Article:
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Teaching Alfred a Lesson
By Robert Dando

“Well, you have certainly gone too far this time, Alfred, my boy,” his father said, sternly. “Just wait there a moment.” He scribbled some words on a note of paper, and then folded it, and handed it to Alfred. “Take that note along to the police station, and give it to the sergeant at the desk,” he said. “And don't you dare peek at it on your way there. The sergeant will know for sure if you have”.

Disconsolately, with his heart in his mouth, and not knowing what the immediate future might have in store for him (though he was fearing the worst) Alfred left the house and shuffled along the dismal East End street. (Back then, in the year 1905, it was even more dismal than it would be now.) In an attempt to delay the fateful moment, he tried to drag out his journey as long as he could, by walking as slowly as possible. But finally, and inevitably, he came to the police station. Tremulously, he walked up the steps, made his way inside, and went over to the main counter. Hearing him approaching, the desk sergeant looked up from some work that he had been in the middle of.

“Hello, and what brings you here, young Alfred?” he asked.

“P-please, sergeant, my dad told me to g-give you this,” Alfred stammered, and handed him the note.

“Oh yes” said the sergeant. “And what might all this be about, then?”

He took the sheet of paper from Alfred's shaking hand, unfolded it, and started to read it. It gave all the details of Alfred's misdeed, and it ended with the words: 'Teach him a lesson, sergeant. Lock him in one of the cells for five minutes.'

“Oh, so you've been misbehaving, have you, Alfred? Well, just you come along with me, my lad.” And so saying, the sergeant took a large bunch of keys from his desk, and walked along the corridor to the cells. He beckoned to Alfred to follow him. The boy did so, very, very reluctantly. The keys were jangling ominously.

The sergeant stopped at the first cell, where he unlocked the door, and then, with a nod of his head, he told Alfred to go inside. In fear and trembling, the boy obeyed. The sergeant said: “This is what we do to naughty boys”, and with that, he slammed shut the door. It made a resounding clang. The sound seemed to echo in Alfred's head, even after it had actually stopped.

For Alfred, the time crawled. The seconds seemed to pass with agonising slowness. It is a characteristic of time that it always crawls when you want it to fly, and vice versa.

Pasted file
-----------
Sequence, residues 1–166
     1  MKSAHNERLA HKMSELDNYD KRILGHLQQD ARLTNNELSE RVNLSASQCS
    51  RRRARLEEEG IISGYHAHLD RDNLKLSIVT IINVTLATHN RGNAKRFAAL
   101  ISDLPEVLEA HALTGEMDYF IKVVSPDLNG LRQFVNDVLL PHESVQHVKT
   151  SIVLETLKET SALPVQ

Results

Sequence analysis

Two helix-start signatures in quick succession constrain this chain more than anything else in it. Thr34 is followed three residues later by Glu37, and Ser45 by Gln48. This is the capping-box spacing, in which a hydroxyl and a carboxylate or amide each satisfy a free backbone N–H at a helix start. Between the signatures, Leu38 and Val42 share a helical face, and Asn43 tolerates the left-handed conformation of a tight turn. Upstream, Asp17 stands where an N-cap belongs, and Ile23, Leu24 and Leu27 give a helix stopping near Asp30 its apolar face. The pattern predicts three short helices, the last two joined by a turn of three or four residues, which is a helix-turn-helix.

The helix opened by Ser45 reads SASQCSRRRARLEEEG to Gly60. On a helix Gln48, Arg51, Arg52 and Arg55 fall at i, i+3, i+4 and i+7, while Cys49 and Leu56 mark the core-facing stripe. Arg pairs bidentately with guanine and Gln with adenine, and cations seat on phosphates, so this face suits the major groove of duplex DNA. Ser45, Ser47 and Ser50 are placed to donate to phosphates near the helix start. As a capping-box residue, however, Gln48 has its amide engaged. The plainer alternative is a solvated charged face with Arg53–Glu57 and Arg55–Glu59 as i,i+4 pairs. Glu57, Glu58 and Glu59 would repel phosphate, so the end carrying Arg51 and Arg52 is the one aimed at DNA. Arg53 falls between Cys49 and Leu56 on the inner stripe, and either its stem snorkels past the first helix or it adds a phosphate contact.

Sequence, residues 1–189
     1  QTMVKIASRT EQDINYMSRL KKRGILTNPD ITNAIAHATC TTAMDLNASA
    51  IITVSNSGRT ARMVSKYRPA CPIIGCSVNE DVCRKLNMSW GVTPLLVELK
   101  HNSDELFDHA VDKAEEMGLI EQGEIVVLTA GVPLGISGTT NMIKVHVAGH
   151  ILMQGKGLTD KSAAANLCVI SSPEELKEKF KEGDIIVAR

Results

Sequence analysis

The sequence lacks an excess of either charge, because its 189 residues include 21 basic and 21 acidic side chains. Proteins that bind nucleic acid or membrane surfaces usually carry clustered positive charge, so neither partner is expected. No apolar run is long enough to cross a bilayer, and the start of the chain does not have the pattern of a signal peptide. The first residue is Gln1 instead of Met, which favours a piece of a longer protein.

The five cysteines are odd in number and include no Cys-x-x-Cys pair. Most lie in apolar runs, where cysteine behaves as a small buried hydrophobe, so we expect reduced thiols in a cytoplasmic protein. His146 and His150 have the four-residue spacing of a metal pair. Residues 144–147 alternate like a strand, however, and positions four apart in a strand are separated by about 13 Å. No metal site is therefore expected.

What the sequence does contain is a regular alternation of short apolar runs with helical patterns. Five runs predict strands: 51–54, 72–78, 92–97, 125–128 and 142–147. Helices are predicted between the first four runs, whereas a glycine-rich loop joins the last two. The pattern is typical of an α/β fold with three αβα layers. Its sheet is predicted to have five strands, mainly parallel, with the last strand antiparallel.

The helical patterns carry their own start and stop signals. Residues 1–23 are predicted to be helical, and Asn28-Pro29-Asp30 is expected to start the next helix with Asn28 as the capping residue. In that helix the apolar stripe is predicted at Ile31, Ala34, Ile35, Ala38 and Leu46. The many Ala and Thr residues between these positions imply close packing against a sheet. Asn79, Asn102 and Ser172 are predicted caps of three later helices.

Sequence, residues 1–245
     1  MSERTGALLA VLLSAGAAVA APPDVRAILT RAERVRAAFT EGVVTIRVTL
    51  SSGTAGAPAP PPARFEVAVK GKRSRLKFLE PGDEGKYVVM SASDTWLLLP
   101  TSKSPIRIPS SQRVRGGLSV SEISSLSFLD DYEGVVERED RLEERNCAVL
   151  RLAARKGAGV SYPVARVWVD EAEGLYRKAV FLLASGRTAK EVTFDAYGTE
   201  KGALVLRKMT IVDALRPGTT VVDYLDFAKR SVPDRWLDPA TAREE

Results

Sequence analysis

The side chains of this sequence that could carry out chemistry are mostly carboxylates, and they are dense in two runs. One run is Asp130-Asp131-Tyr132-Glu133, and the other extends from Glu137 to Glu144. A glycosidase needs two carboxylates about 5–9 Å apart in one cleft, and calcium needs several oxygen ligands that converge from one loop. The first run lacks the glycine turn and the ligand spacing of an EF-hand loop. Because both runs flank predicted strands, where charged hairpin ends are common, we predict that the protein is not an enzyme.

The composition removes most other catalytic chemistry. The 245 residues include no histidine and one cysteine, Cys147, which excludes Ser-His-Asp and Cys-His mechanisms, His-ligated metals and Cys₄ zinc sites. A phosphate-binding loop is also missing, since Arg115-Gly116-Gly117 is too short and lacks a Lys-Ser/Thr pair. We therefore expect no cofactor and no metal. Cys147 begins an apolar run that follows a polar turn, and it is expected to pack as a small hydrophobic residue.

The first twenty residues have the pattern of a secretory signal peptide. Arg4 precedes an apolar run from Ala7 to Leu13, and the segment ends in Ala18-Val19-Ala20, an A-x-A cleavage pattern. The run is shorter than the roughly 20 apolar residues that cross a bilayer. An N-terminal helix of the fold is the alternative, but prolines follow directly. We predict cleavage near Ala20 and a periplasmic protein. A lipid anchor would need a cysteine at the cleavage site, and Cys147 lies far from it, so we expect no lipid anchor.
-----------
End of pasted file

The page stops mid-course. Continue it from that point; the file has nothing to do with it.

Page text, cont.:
If only Alfred had known before he had entered the cell—if only the sergeant had been considerate enough to tell him—that he would be in there for five minutes, and no longer, then perhaps it might not have been such a terrifying experience for him as it was. But unfortunately, he did not have the comfort of that foreknowledge. For all he knew at the time, he was going to be in the cell for hours. And at the time, it seemed to him like hours.

He noticed that high up, on one of the walls, there was a small barred window, that let in a tiny amount of daylight. If only, he thought, he was able to look out of that window, it would be a tangible connection with the outside world—an outside world that already seemed to be part of some remote, distant dream. It was almost as if his whole life, right up to that point, had consisted of his cell and nothing else.

He went up to the window, but unfortunately, the window was too high up for him to see out of. He tried standing on tiptoe, but that didn't do any good. Then he jumped. He was hoping to get a momentary glimpse, however short, of the outside, during his brief moment in mid-air. But that didn't work, either. The window was too high up. He jumped again. This time, he was hoping to grab hold of the bars and hold on to them, so that he could haul himself up to the window. But that ended in failure, as well. True, his hands did make momentary contact with the bars, but he wasn't able to retain hold of them, with the result that he dropped back down to the floor again.

Giving that up as a bad job, he went over to the door. If he couldn't see any of the outside world, then he could at least try to hear something of it. So accordingly, he put his ear to the door. But unfortunately, the door was so think that he couldn't hear anything that was going on outside—he couldn't hear anything at all.

It was at this point that his loneliness, misery and fear finally overcome him, and he burst into tears. 'Oh please, someone, open that door,' he thought. He promised to himself that if only that door was opened and he was let out, then he would never, never, never, repeat the transgression that had landed him in the cell—and he would never commit any other transgression, for that matter…

It may be difficult, now, to gauge the exact effect that his imprisonment had on him, but it is a matter of public record that it left him with a lifelong fear of being locked up. And it also left him with a lifelong fear of policemen.

At the end of those five minutes, surely the longest five minutes of his life, the door was unlocked again. The sergeant was standing in the doorway.

“Well, Alfred, have you learned the error of your ways, then? And are you going to behave yourself from now on?” he asked.

Alfred nodded dumbly. It was all that he was able to do. He seemed to be totally incapable of speaking.

“All right, you can run along now.”

Alfred didn't need to be given that instruction twice. He was only too glad to obey it.

“And” the sergeant added, “just let that be a lesson to you, young Hitchcock.”

By Robert Dando